SLIDE REST – A tool holding slide used on machine tools. It is usually adjustable for holding and guiding cutting tools. The compound slide or rest used on an engine lathe is an example. The compound slide permits the tool to be fed at any angle.

SLIDING TABLE (compound) – Device to enable holes to be drilled or bored very accurately with respect to each other.

SNAP FLASK – Strongly constructed wooden moulding box, split diagonally with hinges on one corner and locking latches on the opposite corner, so that the box may be removed from the mould prior to casting.

SOCKET HEAD – Screw threads having a hexagonal or other form of recessed socket in the head so that the screw can be turned with a wrench or key, as a hexagonal key.

SPLINES – Multiple keys cut in either a shaft or a hole of parts that are made to slide or move lengthwise on a shaft, as a sliding gear transmission.

SPLIT NUT – A nut which has been cut length wise so as to open for quick adjustment.

SPRING COLLETS – A type of draw in collet made of hardened steel and having three slots or saw cuts which permit the collet to be closed tightly against a tapered sleeve by the draw bar.

SQUARE THREAD – A form of screw thread in which the cross-section of the thread forms a square, making the width of the thread equal to the width of the space between the threads.

STAKE – Small anvil used for sheet metal work.

STEADY REST – A support attached to the ways of a lathe for turning long work pieces. Used to prevent slender work from springing away from the cutting tools or to permit machining operations to be performed on the end of the workpiece. Sometimes called a center rest or STEADY.

STEP BLOCK – A block of steel or cast iron having a series of steps and used for supporting the ends of machine clamps when clamping work to the table.

STEPPED CONE PULLEY – A cone pulley having several diameters or steps for obtaining different speeds on machine tools.

STOPS – Devices attached to the movable table or ram or parts of a machine tool, such as a milling machine table, to limit the amount of travel.

STUD – A plain cylindrical piece having a threaded portion of suitable length at each end or a continuous thread over the entire length. One end is screwed into a machine or workpiece after which a second part is placed over the stud and held in place by a nut.

SWIVEL SLIDE – Device to enable the toolpost slide of a lathe to be set at an angle for taper turning or cutting V threads.

SWIVEL VICE – A bench or machine vice for holding workpiece which may be rotated on its base to the desired angle or position.

SCRAPER – Machine that removes earth slice by slice, transports and places it in an earth structure, or pushes it to a dump and then levels the same.

SCREW CONVEYORS – Installations serving to move materials over a trough by a rotating screw. Also called SPIRAL CONVEYORS.

SEAL – A small metal strip that is placed on a railroad car door when loading is completed.

SELF CLOSING GRAB – A crane grab which can pick up the load automatically but must be released with manual assistance.

SELF LEVELING – Bringing the lift to a stop so that its platform is level with the landing.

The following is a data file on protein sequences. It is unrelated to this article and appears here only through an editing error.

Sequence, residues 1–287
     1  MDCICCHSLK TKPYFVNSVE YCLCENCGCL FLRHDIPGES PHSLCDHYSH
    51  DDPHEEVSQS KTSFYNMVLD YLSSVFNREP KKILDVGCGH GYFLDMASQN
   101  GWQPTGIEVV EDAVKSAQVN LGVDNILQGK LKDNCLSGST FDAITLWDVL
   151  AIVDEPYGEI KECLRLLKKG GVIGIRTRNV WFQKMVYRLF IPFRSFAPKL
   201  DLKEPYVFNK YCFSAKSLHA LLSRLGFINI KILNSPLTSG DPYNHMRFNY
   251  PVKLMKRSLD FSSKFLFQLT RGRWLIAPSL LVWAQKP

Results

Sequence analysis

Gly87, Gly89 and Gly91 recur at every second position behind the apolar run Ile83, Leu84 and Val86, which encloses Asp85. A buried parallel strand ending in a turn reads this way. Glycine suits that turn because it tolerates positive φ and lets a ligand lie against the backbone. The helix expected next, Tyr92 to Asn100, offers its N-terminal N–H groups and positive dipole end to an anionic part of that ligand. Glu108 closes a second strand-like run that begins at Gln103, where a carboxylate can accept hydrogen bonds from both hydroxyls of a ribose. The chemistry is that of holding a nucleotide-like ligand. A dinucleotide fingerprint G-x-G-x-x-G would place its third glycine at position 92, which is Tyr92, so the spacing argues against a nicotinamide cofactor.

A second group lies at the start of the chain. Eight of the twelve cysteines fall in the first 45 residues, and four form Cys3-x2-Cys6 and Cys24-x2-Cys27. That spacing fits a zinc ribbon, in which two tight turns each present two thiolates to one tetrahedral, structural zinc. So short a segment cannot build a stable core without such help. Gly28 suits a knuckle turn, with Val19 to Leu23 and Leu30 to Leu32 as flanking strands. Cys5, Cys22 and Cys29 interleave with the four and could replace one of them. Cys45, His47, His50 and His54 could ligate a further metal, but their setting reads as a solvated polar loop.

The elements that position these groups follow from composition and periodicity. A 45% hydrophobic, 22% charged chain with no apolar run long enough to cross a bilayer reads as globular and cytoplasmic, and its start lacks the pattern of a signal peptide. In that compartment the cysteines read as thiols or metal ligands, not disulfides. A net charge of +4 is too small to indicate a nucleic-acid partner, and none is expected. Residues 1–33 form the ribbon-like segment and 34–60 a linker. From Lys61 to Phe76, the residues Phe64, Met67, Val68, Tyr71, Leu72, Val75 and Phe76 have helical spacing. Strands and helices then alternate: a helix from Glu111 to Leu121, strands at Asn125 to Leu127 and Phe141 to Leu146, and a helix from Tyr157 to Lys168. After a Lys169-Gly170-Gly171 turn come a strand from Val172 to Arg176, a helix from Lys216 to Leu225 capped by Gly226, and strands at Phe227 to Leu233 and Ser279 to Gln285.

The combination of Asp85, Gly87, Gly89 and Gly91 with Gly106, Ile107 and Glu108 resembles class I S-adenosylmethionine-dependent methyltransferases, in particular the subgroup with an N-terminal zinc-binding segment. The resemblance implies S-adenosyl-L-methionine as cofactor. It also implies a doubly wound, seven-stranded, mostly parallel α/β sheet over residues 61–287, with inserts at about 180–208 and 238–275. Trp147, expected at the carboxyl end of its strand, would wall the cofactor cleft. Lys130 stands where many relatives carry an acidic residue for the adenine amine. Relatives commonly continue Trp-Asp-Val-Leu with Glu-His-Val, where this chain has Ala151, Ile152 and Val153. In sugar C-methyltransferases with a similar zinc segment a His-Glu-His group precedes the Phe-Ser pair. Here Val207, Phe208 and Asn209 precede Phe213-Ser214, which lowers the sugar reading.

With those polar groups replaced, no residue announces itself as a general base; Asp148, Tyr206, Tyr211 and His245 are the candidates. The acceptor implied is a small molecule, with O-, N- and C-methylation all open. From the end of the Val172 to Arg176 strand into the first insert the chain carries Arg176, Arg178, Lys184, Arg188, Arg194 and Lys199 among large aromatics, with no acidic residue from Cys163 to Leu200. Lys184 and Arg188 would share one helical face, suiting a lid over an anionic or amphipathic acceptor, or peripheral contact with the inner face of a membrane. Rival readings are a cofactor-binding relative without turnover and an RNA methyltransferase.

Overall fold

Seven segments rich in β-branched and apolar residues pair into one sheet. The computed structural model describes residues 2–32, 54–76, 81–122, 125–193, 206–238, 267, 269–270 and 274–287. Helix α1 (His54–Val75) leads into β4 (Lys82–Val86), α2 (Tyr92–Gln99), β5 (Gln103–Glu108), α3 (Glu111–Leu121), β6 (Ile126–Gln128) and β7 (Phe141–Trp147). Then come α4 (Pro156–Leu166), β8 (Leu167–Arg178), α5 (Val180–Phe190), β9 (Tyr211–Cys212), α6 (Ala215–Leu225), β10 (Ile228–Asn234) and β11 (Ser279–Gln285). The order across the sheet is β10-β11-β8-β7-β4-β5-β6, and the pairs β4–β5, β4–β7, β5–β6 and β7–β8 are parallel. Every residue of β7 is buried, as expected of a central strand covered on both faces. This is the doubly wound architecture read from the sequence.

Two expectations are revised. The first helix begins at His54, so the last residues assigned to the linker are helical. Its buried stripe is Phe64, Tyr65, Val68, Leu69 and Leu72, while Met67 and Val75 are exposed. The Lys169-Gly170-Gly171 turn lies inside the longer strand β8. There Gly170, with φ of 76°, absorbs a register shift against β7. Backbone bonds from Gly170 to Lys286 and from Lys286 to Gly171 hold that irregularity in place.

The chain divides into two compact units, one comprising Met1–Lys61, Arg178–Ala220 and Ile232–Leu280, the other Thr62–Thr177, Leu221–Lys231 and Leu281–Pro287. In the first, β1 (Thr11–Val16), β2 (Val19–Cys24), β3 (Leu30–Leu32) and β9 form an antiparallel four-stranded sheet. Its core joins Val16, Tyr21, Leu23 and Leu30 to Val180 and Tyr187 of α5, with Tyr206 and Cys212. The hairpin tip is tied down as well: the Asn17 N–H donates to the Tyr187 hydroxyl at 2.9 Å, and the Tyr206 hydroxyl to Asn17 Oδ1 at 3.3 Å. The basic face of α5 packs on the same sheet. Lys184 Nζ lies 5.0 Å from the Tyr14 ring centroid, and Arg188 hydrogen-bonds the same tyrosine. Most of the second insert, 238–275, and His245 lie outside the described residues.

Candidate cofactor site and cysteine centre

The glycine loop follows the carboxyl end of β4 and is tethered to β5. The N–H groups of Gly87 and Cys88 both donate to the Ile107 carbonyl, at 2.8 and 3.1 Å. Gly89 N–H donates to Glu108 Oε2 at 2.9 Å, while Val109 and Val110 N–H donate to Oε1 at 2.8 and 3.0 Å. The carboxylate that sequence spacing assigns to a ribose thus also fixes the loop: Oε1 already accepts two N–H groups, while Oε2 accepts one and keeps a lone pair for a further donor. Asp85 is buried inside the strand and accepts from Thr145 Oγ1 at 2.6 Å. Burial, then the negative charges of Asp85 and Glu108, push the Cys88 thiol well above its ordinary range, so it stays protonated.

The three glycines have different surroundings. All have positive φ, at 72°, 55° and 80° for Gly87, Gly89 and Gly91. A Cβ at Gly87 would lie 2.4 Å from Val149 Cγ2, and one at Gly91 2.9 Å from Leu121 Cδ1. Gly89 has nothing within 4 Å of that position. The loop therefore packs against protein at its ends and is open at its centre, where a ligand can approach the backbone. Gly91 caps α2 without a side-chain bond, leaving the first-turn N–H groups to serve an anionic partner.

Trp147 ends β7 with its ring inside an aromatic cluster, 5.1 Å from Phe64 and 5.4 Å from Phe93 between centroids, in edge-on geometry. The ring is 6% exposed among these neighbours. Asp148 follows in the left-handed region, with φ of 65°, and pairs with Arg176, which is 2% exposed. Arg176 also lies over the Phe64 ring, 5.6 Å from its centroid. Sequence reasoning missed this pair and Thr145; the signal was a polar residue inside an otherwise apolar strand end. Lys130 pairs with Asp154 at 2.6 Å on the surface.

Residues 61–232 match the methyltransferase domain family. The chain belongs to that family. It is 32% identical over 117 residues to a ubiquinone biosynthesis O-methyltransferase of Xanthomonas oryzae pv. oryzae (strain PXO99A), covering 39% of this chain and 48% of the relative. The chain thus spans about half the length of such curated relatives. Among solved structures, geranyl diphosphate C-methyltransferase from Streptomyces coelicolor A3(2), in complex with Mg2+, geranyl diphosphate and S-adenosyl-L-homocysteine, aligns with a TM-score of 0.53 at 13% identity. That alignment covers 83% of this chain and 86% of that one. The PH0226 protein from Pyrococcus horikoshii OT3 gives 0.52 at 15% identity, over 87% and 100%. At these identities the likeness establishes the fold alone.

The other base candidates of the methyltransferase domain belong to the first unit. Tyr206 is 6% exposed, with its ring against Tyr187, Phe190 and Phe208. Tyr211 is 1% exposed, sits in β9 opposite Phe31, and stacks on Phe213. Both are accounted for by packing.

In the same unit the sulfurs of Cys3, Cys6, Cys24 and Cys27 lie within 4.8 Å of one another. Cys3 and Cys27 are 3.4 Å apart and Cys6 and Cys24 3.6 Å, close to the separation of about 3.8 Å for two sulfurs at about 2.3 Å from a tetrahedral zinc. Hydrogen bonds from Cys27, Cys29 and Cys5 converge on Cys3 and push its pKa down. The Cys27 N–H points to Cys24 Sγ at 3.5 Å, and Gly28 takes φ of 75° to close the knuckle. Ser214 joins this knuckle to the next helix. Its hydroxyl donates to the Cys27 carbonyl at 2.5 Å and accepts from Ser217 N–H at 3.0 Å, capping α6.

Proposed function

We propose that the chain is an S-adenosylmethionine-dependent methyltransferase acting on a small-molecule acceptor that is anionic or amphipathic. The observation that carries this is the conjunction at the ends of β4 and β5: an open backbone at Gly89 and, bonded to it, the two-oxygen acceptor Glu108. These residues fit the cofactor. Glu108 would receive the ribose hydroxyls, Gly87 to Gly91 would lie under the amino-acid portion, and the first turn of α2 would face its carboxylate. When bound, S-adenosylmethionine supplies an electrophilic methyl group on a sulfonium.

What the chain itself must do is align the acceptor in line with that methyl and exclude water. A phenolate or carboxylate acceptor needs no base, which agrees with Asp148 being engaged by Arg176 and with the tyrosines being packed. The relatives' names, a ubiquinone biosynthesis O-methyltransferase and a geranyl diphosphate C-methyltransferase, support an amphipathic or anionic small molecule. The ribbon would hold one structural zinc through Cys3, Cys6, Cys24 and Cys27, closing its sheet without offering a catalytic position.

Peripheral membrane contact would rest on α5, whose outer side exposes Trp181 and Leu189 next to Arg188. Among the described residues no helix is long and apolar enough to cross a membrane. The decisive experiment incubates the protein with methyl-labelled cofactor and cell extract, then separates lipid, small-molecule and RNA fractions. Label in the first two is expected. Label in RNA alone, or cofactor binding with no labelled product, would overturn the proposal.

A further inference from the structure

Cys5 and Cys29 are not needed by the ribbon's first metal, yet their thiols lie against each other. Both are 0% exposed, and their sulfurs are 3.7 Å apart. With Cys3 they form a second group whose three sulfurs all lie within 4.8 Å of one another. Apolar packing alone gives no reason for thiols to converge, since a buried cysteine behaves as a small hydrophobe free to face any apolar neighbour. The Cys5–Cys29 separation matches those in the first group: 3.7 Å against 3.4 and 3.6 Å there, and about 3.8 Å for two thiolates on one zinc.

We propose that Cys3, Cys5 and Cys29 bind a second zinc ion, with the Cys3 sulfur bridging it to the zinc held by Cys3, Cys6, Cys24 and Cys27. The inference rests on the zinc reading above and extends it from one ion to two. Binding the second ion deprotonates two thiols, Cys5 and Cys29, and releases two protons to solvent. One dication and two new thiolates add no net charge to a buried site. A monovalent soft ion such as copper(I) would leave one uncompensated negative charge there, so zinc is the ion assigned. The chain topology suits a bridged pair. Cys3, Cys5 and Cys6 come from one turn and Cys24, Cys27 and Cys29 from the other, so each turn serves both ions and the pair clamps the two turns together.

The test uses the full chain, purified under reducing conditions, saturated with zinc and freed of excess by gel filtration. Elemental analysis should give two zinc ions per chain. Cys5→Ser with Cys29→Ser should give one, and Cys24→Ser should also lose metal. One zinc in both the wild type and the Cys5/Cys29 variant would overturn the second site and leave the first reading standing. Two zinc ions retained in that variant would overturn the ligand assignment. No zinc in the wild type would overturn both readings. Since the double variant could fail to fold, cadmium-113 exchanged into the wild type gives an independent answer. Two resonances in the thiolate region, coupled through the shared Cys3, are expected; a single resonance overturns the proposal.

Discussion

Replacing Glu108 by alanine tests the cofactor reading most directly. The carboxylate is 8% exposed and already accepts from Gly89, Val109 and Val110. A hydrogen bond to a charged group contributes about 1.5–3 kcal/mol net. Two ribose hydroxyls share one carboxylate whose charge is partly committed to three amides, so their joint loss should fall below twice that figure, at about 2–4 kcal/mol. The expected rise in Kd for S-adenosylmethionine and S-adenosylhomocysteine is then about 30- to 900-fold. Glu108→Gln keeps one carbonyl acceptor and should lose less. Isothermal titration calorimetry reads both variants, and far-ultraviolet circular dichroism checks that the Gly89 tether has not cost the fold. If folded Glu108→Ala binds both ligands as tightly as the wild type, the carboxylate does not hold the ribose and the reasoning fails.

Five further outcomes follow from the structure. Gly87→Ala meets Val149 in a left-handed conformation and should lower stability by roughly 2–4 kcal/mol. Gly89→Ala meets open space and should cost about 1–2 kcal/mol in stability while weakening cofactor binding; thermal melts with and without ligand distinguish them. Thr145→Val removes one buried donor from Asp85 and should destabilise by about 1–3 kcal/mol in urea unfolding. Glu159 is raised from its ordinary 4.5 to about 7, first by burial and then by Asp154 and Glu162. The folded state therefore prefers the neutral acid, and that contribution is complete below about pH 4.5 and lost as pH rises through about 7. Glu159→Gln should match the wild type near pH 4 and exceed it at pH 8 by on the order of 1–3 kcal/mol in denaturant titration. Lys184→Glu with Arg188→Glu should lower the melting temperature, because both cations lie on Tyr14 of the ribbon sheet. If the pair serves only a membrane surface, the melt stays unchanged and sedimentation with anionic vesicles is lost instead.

SEMI GANTRY CRANES – Hoisting installations in which one pair of legs travels over a track placed on a low foundation while the other pair receives support from an elevated track laid on a trestle or track girder attached to the building.

SHAKING CONVEYOR – Unit which consists of a deck in the form of a trough or pan suspended from, or supported by a stationary frame and the deck is induced to oscillate, causing the material to move along at a pace and in a mode governed by the character of the oscillations, e.g., oscillating conveyors and vibrating conveyors.

SINGLE FACED CORRUGATED FIBRE BOARD – Fibre board with a flat facing of corrugated material on one side.

SINGLE FACED PALLET – A pallet consisting of one deck.

SINGLE WALL CORRUGATED FIBRE BOARD – Fibre board with a flat facing of corrugated material on both sides.

SKID – Similar to pallets except it has no bottom surface.

SKIP HOIST – Conveyor which consists of a bucket moving between guides, with the power of a cable reeved round sheaves and drums which turn through electric drives. Used for vertical movement of coal.

SLIP SHEET – A single sheet of heavy, strong, corrugated fibre board or plastic. Unit load is pulled on it and the forks of the lift truck slide underneath.

SLOTTED STYLE BOX – A box with slots, made from a single piece of fibreboard.

SOFC – A container stacked on a flat car.

SOLID FIBRE BOARD – Two or more layers of fibre board glued together to make a single sheet.

SPAN – Horizontal distance between the axes of crane track rails.

SPEED GUARD – Device which prevents the hook loads from acceleration beyond a set limit. They are usually centrifugal brakes (e.g., centrifugal disc brake, centrifugal internal block brake), hydraulic units and eddy current brakes.

SPIRAL or SCREW CONVEYORS – Unit which employs an endless helicoids screw rotating in a trough. The movement of the screw gradually moves the material to a higher location.

STABILITY OF A CRANE – The ratio of the righting and tipping moments taken about a tipping axis.

STABILITY COEFFICIENT OF CRANE PROPER – The ratio of the moment produced by the dead weight of all crane components, with the allowance for a track gradient effect facilitating the chance of

overturning, taken about a tipping axis to the moment set up by a wind pressure exceeding the safe maximum operating value taken with respect to the same tipping axis.

STABILITY COEFFICIENT OF A CRANE UNDER A LOAD – Ratio of the moment set up by the dead weight of crane components with the allowance of additional forces (wind effect, inertia at starting and stopping the hoisting, slewing and travelling motions, effect of track ground gradient) taken about a tipping axis to the moment due to the working load about the same axis.